The heavens convey planetary gifts this month: a vivacious Venus and a jammin’ Jupiter.
Effervescent in the truest sense, Venus’s appearance is as bright as it gets. The Royal Astronomical Society of Canada estimates a negative 4.9 magnitude for the planet as it loiters in the south-southwest at dusk.
You can’t miss Venus, as it looks like someone pointing an LED flashlight at you. On Friday, the planet will reach “greatest illuminated extent,” according to the U.S. Naval Observatory. Our neighboring planet, draped in sulfuric clouds, will be 37.8 million miles away, or about 3.4 light-minutes from Earth.
Throughout the month, you might notice that Venus, inching closer to the horizon, sets earlier in the western evening sky.
Jupiter rises in the northeastern sky rises around 7 p.m. early in December, providing prime-time entertainment from the Gemini constellation. It is easy to find in the urban light pollution, since it appears at negative 2.6 magnitude (very bright). This fat, gaseous planet rises around 6 p.m. toward the latter portion of the month.
Comet ISON, which astronomers had hoped would brighten our Northern Hemisphere skies, may not have escaped the sun’s wrath.
Prospects for the comet’s survival are slight, as it reached perihelion — the closest approach to the sun — on Thursday. Images taken from the European Space Agency and NASA satellite SOHO (Solar and Heliospheric Observatory) on Friday showed a bright comet emerging from the sun’s glare, giving astronomers pause and hope. With further emergence Saturday, the comet had dimmed substantially, an indication that it may have broken apart.
Astronomers around the world will observe this object to provide confirmation of the comet’s viability in the coming days.
If Comet ISON survived, sky gazers may find the reconfigured body near the horizon in the east-southeastern morning sky. You’ll need binoculars Tuesday morning, and should look for it to the right of Mercury. Later in the week, it may be found to the lower left of Saturn, according to previous estimates from Mike Lewis of the Northern Virginia Astronomy Club.
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The waxing moon essentially will wash out most of the Geminid meteors on the peak night of Dec. 13-14. Lucky observers may see a few shooting stars late at night and in the morning hours.
Our beautiful autumn folds into the Winter Solstice on Dec. 21 at 12:11 p.m. Eastern time, according to the Naval Observatory. It’s the official start to astronomical winter, and soon we will start to see more daylight.
“Season of Light” — A holiday planetarium program about the coldest, darkest season that holds the warmest, brightest celebrations. David M. Brown Planetarium, 1426 N. Quincy St., Arlington. Fridays and Saturdays, 7:30 p.m. Sundays, 1:30 and 3 p.m., now through Dec. 22. $3 adults, $2 for children, seniors. friendsoftheplanetarium.org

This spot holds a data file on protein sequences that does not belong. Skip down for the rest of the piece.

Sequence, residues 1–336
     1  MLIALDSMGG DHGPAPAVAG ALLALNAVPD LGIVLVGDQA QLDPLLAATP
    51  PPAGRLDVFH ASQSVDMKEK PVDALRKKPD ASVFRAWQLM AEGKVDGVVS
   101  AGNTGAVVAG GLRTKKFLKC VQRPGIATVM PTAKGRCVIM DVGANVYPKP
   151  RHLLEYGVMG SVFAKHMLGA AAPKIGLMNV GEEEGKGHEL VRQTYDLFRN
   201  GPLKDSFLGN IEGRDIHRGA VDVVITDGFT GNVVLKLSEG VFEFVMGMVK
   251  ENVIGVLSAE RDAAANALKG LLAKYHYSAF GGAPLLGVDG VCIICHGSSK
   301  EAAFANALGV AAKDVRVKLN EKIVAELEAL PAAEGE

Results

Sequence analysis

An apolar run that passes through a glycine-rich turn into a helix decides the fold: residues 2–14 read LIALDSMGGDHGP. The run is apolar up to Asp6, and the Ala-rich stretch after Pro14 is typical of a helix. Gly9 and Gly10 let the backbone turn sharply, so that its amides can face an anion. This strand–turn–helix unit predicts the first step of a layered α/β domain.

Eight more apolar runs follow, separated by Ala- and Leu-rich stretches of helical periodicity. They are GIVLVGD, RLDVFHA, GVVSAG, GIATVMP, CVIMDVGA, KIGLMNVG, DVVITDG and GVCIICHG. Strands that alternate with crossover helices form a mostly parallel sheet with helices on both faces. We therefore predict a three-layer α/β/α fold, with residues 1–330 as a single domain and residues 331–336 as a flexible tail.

●Dec. 2 — Winter’s sky develops in the “Stars Tonight” at the David M. Brown Planetarium, 1426 N. Quincy St., Arlington. 7:30 p.m. $3 admission. friendsoftheplanetarium.org .
●Dec. 5 — “Comet ISON,” a talk by astronomer Dennis Bodewits at the University of Maryland Observatory, College Park. Check out planets and stars afterward, weather permitting. 8 p.m. www.astro.umd.edu/openhouse .
●Dec. 7 — “Oh, Swear Not by the Inconstant Sun,” a lecture by historian David DeVorkin. Einstein Planetarium, National Air and Space Museum, the Mall. 5:15 p.m. airandspace.si.edu .
●Dec. 8 — The Northern Virginia Astronomy Club offers an astronomy equipment show-and-tell at its regular meeting. Room 163, Research Hall, George Mason University. 7 p.m. www.novac.com .
●Dec. 12 — “Sculpture on the Moon: Meet Artist Paul Van Hoeydonck,” a discussion between the artist and space historian Margaret Weitekamp. Moving Beyond Earth Gallery, National Air and Space Museum, the Mall. 1 p.m. airandspace.si.edu .
●Dec. 13-14 — “An Astronomer Looks for the Christmas Star” explores the natural phenomena that may be the basis for the Christmas Star. 6:30 p.m. each night. Hosted by the Friends of the Planetarium. David M. Brown Planetarium, 1426 N. Quincy St., Arlington. $7 adults; $5 members, seniors; $3 kids. friendsoftheplanetarium.org .
●Dec. 14 — “First Mission to Pluto: The Origins and Voyage of New Horizons,” a lecture by historian Michael Neufeld. Einstein Planetarium, National Air and Space Museum, the Mall. 5:15 p.m. airandspace.si.edu .
●Dec. 14 — “Water Vapor and Hydrocarbons on the Outer Planets,” a lecture by NASA astrophysicist Gordon Bjoraker, at the National Capital Astronomers meeting, University of Maryland Observatory, College Park. 7:30 p.m. capitalastronomers.org .
●Dec. 20 — “The Southern Skies: Astronomy in Chile,” a talk by astronomer Mia Bovill, at the University of Maryland Observatory, College Park. Scan the heavens afterward, weather permitting. 8 p.m. www.astro.umd.edu/openhouse .
●Dec. 21 — “The Day of the Sun’s Return: The Winter Solstice,” at the Montgomery College planetarium, Takoma Park. (Note: Special 5 p.m. start time.) www.montgomerycollege.edu/Departments/planet/ .
Blaine Friedlander can be reached at firstname.lastname@example.org.